Ms Frances Simmons
Newcastle Law School
Frances Simmons joined the University of Newcastle in January 2020 as a part-time Lecturer. She holds a Master of Laws from Columbia University and she is currently undertaking a PhD at Monash University where her research explores Australia's response to modern slavery and the right to an effective remedy. Frances is currently teaching Human Rights Law, Administrative Law, and Legal System and Method.
Frances is a part-time Tribunal member at the Administrative Appeals Tribunal. Between 2012 and 2015 she worked as a full-time member of the Refugee Review Tribunal and the Migration Review Tribunal. Previously, she has worked as a lawyer at the Australian Human Rights Commission, a lawyer and migration agent at Anti-Slavery Australia at the University of Technology Sydney where she represented survivors of slavery and human trafficking in immigration and compensation matters and as a lawyer and migration agent at an immigration law firm. Frances has been engaged as a research consultant on slavery and human trafficking for the United Nations, the Australian Institute of Criminology and the University of Technology Sydney Law Faculty .
Frances is a member of the International Association of Refugee and Migration Judges and the Women Lawyers' Association of NSW. She is currently a visiting scholar at the University of Technology Sydney Law Faculty.
- Master of Laws, Columbia University
- Administrative law
- Forced marriage
- Human rights law
- Immigration law
- Modern slavery
- Refugee law
Fields of Research
|220104||Human Rights and Justice Issues||40|
|189999||Law and Legal Studies not elsewhere classified||40|
|Dates||Title||Organisation / Department|
|28/1/2020 -||Lecturer||Newcastle Law School
James Kent Scholar
For publications that are currently unpublished or in-press, details are shown in italics.
Journal article (11 outputs)
'The Road to Effective Remedies: Pragmatic reasons for treating cases of sex trafficking in the Australian sex industry as a form of labour trafficking ', Anti-Trafficking Review, (2015)
|2013||Simmons F, 'Money matters: material justice for survivors of slavery and trafficking', Precedent, 15-15 (2013)|
Simmons F, Burn J, 'Without consent: Forced marriage in Australia', Melbourne University Law Review, 36 970-1008 (2013)
This article explores Australia's response to the emerging issue of forced marriage. In light of community and government responses to forced marriage, we review the challeng... [more]
This article explores Australia's response to the emerging issue of forced marriage. In light of community and government responses to forced marriage, we review the challenges involved in defining forced marriage and the degree to which the practice overlaps with other forms of exploitative conduct such as servitude and slavery. While we welcome the reform of existing criminal laws to fully reflect Australia's international obligations to prohibit 'practices similar to slavery', we caution against prioritising prosecutions over preventative and protective strategies. We argue that the creation of specific criminal offences of forced marriage should be accompanied by the introduction of new, family law-based civil remedies for people seeking to avoid or escape forced marriage, and targeted support services for people in, or facing, forced marriage. These measures should be accompanied by investment in community legal education and consultation in order to deepen the community's understanding of forced marriage in Australia.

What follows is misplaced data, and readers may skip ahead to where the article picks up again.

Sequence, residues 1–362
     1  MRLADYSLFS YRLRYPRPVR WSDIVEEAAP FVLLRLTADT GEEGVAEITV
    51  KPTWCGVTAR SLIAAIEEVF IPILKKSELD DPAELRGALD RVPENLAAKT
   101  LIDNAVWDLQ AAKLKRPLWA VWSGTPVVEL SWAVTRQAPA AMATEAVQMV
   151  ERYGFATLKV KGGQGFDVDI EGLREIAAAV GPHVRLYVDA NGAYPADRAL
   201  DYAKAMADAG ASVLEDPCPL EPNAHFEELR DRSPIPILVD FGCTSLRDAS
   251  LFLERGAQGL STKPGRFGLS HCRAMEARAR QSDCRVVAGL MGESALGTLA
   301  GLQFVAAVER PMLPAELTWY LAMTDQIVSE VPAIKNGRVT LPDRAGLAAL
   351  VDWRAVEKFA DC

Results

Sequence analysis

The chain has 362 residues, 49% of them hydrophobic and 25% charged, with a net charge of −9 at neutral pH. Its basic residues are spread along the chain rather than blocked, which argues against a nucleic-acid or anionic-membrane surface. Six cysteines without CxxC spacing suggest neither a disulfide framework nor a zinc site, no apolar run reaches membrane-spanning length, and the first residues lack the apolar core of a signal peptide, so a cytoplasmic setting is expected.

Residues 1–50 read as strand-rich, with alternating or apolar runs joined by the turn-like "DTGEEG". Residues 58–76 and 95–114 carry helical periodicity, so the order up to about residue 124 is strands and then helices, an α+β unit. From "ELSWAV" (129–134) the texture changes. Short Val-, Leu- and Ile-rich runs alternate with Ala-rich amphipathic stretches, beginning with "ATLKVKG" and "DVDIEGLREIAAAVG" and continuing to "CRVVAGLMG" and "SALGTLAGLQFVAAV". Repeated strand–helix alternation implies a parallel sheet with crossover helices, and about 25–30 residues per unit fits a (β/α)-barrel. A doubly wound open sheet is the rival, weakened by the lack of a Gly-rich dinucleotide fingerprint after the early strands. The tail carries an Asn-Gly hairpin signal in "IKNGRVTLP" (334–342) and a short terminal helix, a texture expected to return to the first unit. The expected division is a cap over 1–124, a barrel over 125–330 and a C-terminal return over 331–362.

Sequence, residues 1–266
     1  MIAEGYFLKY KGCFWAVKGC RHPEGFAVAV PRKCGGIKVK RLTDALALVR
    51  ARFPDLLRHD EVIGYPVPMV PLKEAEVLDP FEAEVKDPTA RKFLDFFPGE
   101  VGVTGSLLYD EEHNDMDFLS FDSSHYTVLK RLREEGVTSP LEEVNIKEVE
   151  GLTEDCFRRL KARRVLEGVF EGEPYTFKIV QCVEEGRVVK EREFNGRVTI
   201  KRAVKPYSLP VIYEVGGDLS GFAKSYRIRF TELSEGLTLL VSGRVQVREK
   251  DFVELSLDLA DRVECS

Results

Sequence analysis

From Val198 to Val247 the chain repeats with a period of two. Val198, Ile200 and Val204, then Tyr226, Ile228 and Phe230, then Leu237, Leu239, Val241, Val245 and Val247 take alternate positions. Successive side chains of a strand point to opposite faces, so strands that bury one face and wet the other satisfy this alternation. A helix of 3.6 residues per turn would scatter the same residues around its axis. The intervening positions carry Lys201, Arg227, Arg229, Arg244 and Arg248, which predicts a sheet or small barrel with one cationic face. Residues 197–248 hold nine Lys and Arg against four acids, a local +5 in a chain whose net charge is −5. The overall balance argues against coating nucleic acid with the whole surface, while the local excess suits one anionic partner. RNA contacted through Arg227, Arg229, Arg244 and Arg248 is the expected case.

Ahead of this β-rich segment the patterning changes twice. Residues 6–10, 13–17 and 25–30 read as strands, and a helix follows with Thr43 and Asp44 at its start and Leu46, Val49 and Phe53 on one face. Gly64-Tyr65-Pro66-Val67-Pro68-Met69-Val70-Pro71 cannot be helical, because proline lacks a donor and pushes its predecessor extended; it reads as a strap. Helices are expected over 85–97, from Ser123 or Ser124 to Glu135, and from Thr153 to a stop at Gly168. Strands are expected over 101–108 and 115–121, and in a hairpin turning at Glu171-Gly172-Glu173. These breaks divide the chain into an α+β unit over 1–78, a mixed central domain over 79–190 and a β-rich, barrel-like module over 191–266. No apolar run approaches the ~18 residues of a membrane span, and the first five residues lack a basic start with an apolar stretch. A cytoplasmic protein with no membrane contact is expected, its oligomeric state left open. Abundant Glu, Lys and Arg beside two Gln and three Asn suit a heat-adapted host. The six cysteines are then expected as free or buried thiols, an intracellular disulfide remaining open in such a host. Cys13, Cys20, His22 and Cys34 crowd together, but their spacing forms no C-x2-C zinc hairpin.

Simmons F, O'Brien B, David F, Beacroft L, 'Human trafficking and slavery offenders in Australia', Trends and Issues in Crime and Criminal Justice, 1-13 (2013)
|2012||Simmons F, 'Making possibilities realities | compensation for trafficked people', The Sydney Law Review, (2012)|
Burn J, Simmons F, 'Trafficking and slavery in Autralia: An evaluation of victim support strategies', Asian and Pacific Migration Journal, 15 553-570 (2006)
The paper evaluates legal protections and social support systems for victims of trafficking and slavery in Australia within a human rights framework based on the United Nations Pr... [more]
The paper evaluates legal protections and social support systems for victims of trafficking and slavery in Australia within a human rights framework based on the United Nations Protocol to Prevent and Suppress Trafficking in Persons, Especially Women and Children and the UN Principles and Guidelines on Human Rights and Human Trafficking. A major focus of the paper is the evaluation of a system of visas offered by the Australian government to victims of trafficking and slavery. The paper argues that the visa system and social support program is restricted to the assistance of victims who participate in the criminal justice process, thereby limiting state protection of victims of trafficking and slavery.
Zacharias U, Arthurs J, Dreher T, Simmons F, 'Australian muslim women's media interventions', Feminist Media Studies, 6 117-120 (2006)
|Show 8 more journal articles|